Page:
Editorial: 'Rise of anti-EU parties makes voting more vital than ever'
Today, EU and council elections create a political kaleidoscope which could determine the patterns of government in these islands and right across the continent.
A tilt to the left or right will determine the colours and contours of our future. At home, we also have the referendum on changing the divorce law.
There are also the three local plebiscites in the cities of Cork, Waterford and Limerick as to whether to directly elect mayors. All matter in that they will influence how we live our lives.
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On the micro level, the Government may expect a backlash over its poor performance in addressing the housing emergency.
People will always grumble and gripe about their government, but the only way to guarantee your voice is heard is to vote.
Abraham Lincoln put it nicely when he said: "Elections belong to the people. It's their decision. If they decide to turn their back on the fire and burn their behinds, then they will just have to sit on their blisters."
However, we may have more than "blisters" to concern us in Europe.
In the UK we have witnessed chaos through following a rejectionist agenda into a cul de sac.
Without a clear plan, and unwilling to compromise, Brexit has produced a political earthquake.
Theresa May is unlikely to emerge from the rubble. One commentator has described how she has transformed No 10 Downing Street into her own personal panic room.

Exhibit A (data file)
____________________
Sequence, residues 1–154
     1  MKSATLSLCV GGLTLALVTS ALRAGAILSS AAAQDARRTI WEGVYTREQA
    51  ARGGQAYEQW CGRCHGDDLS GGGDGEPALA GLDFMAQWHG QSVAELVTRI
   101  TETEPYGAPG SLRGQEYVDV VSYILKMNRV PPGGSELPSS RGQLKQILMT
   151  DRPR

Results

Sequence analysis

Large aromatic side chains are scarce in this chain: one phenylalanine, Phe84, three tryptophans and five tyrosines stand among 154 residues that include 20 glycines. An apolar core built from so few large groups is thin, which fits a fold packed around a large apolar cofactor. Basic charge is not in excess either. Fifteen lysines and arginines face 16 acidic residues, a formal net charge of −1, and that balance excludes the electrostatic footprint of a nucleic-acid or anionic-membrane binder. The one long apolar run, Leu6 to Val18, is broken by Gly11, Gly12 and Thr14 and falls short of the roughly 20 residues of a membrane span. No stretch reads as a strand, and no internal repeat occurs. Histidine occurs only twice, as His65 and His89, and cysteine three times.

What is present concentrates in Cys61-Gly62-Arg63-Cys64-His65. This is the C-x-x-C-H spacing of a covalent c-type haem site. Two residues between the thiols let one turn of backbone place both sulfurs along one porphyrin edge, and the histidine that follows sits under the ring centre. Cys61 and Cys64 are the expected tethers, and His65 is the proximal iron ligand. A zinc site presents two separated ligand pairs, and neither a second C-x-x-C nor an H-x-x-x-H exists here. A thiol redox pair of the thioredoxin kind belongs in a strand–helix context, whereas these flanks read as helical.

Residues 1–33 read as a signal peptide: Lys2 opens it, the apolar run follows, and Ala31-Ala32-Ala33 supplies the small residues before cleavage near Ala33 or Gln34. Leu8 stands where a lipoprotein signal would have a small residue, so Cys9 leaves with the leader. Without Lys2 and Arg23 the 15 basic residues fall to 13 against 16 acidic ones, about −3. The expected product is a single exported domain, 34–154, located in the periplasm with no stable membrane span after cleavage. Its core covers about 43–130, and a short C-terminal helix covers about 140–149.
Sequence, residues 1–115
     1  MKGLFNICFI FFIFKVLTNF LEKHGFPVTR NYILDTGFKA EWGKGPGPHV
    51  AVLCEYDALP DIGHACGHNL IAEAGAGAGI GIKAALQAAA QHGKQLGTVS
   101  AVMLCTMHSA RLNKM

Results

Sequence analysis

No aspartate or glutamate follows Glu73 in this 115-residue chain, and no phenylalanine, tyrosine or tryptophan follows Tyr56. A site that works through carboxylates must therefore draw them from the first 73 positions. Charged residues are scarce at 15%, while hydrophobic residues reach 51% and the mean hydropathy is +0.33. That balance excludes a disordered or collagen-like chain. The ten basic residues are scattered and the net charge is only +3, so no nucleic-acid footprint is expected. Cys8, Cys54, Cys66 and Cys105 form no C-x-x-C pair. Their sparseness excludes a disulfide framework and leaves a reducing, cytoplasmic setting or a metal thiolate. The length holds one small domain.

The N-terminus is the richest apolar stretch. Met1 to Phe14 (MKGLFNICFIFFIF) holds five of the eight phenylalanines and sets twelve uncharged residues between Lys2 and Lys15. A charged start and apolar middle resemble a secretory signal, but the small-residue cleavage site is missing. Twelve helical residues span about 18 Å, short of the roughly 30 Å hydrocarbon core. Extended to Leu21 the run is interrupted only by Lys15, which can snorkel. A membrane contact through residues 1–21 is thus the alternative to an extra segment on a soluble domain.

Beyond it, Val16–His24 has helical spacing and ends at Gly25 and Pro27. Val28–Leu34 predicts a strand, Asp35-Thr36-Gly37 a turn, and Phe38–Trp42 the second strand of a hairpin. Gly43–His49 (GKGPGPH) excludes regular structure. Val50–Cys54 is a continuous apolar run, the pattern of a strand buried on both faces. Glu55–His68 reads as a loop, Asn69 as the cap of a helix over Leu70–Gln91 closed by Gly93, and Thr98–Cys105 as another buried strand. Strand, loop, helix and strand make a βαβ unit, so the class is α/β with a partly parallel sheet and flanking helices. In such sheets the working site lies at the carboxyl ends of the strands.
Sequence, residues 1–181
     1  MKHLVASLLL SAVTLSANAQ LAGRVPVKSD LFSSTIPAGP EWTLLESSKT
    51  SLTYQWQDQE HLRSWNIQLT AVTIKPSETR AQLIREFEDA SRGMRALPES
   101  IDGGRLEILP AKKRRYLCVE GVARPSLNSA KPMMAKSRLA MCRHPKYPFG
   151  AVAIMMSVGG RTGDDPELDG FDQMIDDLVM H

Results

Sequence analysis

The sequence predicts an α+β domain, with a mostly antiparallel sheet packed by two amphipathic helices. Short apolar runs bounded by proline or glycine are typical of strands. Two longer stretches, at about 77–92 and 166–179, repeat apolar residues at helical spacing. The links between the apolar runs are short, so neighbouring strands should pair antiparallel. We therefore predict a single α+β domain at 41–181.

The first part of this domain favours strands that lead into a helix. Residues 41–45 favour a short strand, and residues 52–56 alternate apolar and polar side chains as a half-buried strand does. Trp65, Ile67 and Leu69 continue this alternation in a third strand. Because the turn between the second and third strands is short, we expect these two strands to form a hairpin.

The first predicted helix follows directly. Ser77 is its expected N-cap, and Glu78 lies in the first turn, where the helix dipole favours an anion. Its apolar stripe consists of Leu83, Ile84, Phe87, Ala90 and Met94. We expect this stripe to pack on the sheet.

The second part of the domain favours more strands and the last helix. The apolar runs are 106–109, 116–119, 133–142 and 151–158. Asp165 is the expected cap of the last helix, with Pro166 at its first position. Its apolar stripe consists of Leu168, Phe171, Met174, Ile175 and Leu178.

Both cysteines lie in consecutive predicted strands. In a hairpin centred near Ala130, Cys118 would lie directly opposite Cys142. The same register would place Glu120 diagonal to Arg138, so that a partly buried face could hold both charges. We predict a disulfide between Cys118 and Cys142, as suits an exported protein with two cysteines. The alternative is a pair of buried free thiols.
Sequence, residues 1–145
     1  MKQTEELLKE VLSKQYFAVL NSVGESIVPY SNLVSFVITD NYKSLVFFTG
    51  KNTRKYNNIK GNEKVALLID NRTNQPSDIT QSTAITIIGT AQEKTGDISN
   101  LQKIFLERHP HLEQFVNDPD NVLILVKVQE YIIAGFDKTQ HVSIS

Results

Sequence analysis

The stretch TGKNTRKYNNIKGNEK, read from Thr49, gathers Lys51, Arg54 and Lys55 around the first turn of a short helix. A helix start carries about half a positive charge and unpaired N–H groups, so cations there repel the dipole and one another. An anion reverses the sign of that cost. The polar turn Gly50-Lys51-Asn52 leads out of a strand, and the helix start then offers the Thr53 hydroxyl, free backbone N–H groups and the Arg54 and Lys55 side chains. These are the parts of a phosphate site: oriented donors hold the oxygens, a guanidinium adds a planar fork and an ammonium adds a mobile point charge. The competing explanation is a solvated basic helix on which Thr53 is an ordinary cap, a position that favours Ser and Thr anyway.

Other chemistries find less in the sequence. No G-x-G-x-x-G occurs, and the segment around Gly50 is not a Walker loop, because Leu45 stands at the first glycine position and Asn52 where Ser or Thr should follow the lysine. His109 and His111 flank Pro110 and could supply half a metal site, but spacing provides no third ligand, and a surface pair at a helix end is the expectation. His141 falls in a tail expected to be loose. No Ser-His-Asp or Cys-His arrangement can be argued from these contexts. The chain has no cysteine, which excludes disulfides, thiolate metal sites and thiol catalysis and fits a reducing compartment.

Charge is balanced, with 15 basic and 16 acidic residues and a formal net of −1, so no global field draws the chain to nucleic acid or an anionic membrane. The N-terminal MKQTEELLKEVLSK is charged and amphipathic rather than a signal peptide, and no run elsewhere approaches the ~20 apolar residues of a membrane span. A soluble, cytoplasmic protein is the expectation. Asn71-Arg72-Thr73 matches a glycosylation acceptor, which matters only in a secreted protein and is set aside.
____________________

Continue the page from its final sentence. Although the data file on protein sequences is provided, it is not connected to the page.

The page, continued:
In Dublin and Brussels panic is not an option.
The support Europe has offered, especially the solidarity shown in avoiding a hard Border, has been invaluable. In coming months, that unity will be tested again.
Many Conservatives have convinced themselves Mrs May's successor can go to Brussels and, facing what is likely to be a new president and commission chief, demand a new deal.
Attempts by the UK to rewrite the Withdrawal Agreement or to test the resolve of the EU are inevitable.
But an international pact, signed off on with the EU, must be worth the paper it is written on.
While it may still be too bitter a truth to swallow for Tory grandees, it looks like being a choice between Mrs May's deal or no Brexit.
Yet the swing to the right in Europe is alarming. Right-wing leaders met in Milan for a rally recently. Among them were Marine Le Pen of France, Geert Wilders of the Dutch Party for Freedom, and representatives from the Danish People's Party, the Finns Party, and the Alternative für Deutschland.
Most of them are linked to Italian deputy prime minister Matteo Salvini's planned new right-wing parliamentary grouping, the European Alliance of Peoples and Nations.
Such a confluence could radically alter the balance in the EU Parliament.
Anti-EU parties could align to play havoc on trade and migration. For all of these reasons, the value of your vote - just like the political stakes - could scarcely be higher.